Hanging in my mother’s garden is a sign that reads “Bloom Where You Are Planted.” I wish I had her green thumb, but somehow that gene skipped a generation. My mother has the ability to grow any flower. She seems to just understand where flowers should be planted, proper soil pH, watering, and the importance of pruning. She even has a compost pile where she and my dad amend the soil with egg shells, potato peelings and coffee grounds. Not me! I don’t compost and I don’t prune. I mulch and that’s about it. Nevertheless there is one plant I can grow well: Hydrangeas.
I love hydrangeas because these plants are hearty and resilient to just about any soil type and sun exposure. Bottom line, I can’t kill them. Did you know you can actually change to color of the flowers by changing the pH of the soil. An acidic soil (pH below 6) will produce blue flowers, while alkaline soil (pH above 7) produce a pink or red flowers. We have alkaline soil so my hydrangeas are always pink in hue. Late this past fall I got a wild idea to actually prune my flowers. As I snipped away I was dumbfounded to see a hydrangea blooming in November! We had already experienced several frosts so imagine my surprise to see a hydrangea in bloom! I smiled, even through extreme temperatures this one flower still remained, reminding me to hang on even during the hard times. I decided to make a flower arrangement out of this one flower.
This week I said a tearful goodbye to not one but two friends and their families who are moving to Tennessee. Both friends relocated because of their spouses’ career. My heart aches at the loss of closely sharing life together. No more morning coffee talks at the kitchen table or spur-of-the-moment play dates with the kids. <Sigh>.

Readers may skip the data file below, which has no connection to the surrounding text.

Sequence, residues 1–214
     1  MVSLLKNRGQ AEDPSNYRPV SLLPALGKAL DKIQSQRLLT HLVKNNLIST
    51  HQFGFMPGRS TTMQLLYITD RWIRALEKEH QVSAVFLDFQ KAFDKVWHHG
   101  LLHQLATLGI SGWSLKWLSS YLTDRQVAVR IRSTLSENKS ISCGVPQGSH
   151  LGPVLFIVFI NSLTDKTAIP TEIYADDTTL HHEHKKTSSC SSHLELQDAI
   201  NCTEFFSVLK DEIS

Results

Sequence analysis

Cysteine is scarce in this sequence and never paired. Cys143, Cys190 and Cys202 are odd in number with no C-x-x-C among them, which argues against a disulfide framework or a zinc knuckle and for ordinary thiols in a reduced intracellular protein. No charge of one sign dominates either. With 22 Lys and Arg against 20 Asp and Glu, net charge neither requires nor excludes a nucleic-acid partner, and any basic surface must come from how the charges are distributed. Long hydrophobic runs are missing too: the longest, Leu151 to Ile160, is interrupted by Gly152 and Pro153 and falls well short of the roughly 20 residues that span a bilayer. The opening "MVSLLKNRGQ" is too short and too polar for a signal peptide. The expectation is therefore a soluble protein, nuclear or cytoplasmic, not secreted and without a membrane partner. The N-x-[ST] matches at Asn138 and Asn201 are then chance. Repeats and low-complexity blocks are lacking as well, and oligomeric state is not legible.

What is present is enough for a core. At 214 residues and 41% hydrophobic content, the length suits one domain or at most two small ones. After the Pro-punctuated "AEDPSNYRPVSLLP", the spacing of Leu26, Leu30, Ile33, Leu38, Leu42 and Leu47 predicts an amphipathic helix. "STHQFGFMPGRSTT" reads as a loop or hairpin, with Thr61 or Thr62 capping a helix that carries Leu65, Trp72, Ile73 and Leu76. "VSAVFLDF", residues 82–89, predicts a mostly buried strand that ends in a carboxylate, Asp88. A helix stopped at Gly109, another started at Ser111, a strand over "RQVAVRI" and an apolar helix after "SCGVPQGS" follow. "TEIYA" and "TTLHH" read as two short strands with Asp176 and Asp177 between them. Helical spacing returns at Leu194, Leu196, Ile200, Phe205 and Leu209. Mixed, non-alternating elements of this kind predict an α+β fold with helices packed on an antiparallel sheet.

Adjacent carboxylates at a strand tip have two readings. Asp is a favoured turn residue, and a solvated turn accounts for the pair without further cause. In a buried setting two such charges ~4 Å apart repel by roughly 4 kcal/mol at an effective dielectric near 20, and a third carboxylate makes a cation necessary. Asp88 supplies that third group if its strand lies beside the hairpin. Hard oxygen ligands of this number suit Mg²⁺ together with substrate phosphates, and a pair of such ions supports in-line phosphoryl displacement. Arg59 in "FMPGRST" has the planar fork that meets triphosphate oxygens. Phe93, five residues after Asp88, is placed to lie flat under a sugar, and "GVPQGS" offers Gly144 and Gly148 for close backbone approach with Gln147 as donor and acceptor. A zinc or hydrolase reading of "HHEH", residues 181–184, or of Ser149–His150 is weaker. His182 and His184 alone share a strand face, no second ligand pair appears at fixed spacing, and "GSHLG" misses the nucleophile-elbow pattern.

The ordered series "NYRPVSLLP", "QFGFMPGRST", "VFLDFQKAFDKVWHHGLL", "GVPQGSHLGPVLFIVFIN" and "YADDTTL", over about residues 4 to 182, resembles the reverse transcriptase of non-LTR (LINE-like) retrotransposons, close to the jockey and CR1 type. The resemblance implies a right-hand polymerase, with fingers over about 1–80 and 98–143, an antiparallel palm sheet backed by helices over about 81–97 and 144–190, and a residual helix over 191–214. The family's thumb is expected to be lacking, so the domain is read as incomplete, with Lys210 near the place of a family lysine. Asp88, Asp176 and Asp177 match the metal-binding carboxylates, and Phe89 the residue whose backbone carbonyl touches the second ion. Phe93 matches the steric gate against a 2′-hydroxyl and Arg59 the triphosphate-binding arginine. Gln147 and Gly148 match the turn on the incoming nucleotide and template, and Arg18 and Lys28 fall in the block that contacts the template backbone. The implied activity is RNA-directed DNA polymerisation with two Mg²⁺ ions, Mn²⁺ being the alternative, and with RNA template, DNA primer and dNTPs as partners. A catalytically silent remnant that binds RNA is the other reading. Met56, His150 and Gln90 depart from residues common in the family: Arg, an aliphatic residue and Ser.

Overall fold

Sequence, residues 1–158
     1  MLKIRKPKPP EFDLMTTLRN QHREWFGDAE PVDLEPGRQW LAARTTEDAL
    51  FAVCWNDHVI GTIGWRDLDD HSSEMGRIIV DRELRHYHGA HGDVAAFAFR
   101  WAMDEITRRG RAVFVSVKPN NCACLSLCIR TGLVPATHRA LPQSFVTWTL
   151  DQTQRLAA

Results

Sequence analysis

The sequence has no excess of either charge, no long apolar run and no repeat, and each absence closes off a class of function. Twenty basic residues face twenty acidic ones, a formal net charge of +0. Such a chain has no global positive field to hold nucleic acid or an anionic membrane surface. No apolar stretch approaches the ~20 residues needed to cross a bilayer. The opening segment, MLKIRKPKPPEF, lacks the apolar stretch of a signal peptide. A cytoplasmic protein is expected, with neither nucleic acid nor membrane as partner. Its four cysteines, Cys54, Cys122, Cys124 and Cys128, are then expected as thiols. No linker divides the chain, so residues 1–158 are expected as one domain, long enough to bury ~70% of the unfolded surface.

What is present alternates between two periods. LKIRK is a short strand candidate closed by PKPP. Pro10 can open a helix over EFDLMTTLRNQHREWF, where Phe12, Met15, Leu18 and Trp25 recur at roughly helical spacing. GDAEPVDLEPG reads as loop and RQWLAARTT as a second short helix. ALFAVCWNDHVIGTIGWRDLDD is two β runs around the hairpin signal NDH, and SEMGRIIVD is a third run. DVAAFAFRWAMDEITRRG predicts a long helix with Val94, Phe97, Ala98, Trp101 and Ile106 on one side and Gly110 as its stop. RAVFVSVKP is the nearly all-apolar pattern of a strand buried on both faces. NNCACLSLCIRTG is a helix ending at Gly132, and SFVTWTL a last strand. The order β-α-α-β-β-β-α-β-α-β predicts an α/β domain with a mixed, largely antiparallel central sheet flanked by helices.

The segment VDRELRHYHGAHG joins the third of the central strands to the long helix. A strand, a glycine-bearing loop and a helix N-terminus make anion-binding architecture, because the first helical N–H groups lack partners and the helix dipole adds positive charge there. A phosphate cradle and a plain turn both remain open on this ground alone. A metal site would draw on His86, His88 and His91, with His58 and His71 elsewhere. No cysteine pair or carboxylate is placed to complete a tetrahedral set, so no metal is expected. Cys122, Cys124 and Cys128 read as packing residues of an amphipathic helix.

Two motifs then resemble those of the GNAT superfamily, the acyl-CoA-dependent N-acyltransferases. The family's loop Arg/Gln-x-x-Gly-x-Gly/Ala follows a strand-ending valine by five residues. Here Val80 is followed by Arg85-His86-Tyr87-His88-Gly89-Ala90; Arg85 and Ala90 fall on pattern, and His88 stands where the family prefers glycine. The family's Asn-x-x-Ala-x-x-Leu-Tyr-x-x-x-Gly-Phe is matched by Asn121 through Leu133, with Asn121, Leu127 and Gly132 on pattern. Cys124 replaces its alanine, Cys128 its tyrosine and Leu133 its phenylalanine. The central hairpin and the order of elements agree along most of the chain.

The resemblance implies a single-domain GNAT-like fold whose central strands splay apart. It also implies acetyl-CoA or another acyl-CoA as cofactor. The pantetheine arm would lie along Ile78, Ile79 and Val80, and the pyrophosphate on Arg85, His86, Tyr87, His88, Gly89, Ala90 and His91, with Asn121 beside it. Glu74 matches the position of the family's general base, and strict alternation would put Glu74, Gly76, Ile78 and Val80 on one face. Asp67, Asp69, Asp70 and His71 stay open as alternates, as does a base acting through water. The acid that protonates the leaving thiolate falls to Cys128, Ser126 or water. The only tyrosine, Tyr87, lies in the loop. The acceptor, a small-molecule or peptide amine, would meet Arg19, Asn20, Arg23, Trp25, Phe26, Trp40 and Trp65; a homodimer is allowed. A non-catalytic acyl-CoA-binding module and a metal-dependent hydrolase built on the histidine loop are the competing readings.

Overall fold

Recently our Pastor spoke on Ecclesiastes Chapter Three. Tears fell down my face as he expounded from this passage:
“There is a time for everything and a season for every activity under heaven:
A time to be born and a time to die,
A time to plant and a time to be uprooted,
A time to heal and a time to kill,
A time to tear down and a time to build up,
A time to weep and a time to laugh,
A time to mourn and a time to dance,
A time to scatter stones and a time to gather stones,
A time to embrace and a time to refrain,
A time to search and a time to give up,
A time to keep and a time to throw away,
A time to tear and a time to mend,
A time to be silent and a time to speak,
A time to love and a time to hate,
A time for war and a time for peace.”
When I heard “a time to plant and a time to be uprooted” my mind immediately went to my friends and to hydrangeas. Both of these friends have been planted in this area for several years. I have had the pleasure of watching our friendship grow and our children grow, passing along recipes, prayers, encouragement and clothes along the way.
Now it is time for my friends, Amy and Lyle and their families to be uprooted from Virginia and to put down roots in Tennessee. Their soil and surroundings may be different than before, but they will still flower. I wouldn’t expect their lives to look the same as before. These friends will be planted with along side new experiences and friendships, but one thing I know: like the hydrangeas, they too will bloom where ever they are planted!
“May you and I be mutually encouraged by each other’s faith.” Romans 1:12